A: Yes. Snoring is a key symptom of enlarged tonsils and adenoids, and if they're left untreated, they can lead to childhood obstructive sleep apnea (OSA). Children with this condition may briefly stop breathing during sleep, and their bodies react by partially waking up, which jump-starts the breathing process, often with a gasp or snort. The real problem is that the lowered oxygen levels and constant sleep disruption leave most children tired and cranky. In fact, some kids with OSA are often misdiagnosed with attention deficit hyperactivity disorder (ADHD), since many of the symptoms (like distractibility, excessive fidgeting, aggression, and irritability) are so similar. The cure: a tonsillectomy and/or adenoidectomy, which means surgically removing the tonsils and/or adenoids.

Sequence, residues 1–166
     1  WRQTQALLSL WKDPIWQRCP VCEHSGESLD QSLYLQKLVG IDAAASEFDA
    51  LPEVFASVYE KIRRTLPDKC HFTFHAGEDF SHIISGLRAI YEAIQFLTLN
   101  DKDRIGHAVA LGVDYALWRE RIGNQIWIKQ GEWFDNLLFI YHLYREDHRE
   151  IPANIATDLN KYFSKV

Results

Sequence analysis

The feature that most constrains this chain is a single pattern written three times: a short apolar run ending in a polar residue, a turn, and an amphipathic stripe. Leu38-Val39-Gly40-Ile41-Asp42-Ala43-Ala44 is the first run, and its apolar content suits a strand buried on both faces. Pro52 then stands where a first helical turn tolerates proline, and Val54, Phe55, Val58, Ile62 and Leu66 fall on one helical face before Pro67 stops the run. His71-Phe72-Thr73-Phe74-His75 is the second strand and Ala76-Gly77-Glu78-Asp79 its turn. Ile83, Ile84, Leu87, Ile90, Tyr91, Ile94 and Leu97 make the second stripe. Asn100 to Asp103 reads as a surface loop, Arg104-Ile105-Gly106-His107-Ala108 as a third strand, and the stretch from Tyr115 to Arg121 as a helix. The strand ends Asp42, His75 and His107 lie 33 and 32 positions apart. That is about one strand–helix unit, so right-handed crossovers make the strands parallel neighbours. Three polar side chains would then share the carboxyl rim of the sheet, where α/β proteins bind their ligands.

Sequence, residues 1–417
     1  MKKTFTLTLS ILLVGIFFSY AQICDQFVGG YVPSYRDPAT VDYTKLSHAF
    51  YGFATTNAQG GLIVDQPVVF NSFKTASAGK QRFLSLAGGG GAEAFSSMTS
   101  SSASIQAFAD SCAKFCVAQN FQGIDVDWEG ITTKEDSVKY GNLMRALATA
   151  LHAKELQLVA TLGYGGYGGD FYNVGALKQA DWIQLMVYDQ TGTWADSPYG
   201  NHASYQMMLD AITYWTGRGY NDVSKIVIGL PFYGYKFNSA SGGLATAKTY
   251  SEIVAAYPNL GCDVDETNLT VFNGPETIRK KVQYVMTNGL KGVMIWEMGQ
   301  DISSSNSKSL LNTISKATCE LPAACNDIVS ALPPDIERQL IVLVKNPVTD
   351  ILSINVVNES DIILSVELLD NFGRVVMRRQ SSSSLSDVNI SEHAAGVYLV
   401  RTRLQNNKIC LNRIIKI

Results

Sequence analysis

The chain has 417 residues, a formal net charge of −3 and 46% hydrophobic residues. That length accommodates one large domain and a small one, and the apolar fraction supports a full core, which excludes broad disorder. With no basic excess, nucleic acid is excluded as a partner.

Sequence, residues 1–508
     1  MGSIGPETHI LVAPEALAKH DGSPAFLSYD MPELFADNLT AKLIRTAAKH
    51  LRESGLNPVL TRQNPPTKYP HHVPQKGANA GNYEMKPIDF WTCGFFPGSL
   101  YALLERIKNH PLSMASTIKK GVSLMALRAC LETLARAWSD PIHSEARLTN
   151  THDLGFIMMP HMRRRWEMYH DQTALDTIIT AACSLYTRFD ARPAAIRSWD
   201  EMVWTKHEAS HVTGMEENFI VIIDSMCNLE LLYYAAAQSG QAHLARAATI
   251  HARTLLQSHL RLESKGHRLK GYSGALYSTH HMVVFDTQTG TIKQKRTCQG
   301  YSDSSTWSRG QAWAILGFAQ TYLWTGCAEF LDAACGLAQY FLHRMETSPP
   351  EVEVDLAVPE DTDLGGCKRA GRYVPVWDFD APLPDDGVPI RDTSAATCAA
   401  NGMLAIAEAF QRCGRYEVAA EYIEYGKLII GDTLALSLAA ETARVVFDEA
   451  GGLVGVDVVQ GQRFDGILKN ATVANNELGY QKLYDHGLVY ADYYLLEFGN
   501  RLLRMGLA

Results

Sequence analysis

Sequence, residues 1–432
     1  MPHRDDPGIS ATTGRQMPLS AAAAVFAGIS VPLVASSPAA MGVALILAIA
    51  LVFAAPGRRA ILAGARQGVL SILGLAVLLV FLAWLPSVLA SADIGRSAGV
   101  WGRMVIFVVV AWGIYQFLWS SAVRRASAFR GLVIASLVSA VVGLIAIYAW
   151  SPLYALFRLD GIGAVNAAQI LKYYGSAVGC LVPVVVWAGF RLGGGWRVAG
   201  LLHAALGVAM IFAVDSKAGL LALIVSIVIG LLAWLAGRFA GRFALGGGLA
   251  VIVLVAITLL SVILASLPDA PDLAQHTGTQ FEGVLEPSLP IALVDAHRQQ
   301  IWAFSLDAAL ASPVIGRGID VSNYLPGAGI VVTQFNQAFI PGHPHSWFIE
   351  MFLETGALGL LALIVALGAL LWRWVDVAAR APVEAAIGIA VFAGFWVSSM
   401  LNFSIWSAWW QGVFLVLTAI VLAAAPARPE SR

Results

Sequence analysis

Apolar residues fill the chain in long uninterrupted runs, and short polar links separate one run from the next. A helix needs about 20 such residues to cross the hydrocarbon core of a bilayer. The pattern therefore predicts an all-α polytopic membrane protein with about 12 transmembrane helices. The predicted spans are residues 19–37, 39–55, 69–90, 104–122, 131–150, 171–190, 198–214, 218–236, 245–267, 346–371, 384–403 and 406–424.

But before you start to worry, it's important to remember that not all snoring is cause for concern. Roughly 10 percent of children snore, often because of colds, allergies, or routine issues like having a small jaw or small airway. However, you should have your child's tonsils and adenoids examined if you hear him breathing loudly at night. If your pediatrician suspects problems, he may recommend a sleep study to check for apnea. --Amy Linn
Copyright © 2003 Amy Linn. Reprinted with permission from the October 2003 issue of Parents magazine. Updated 2009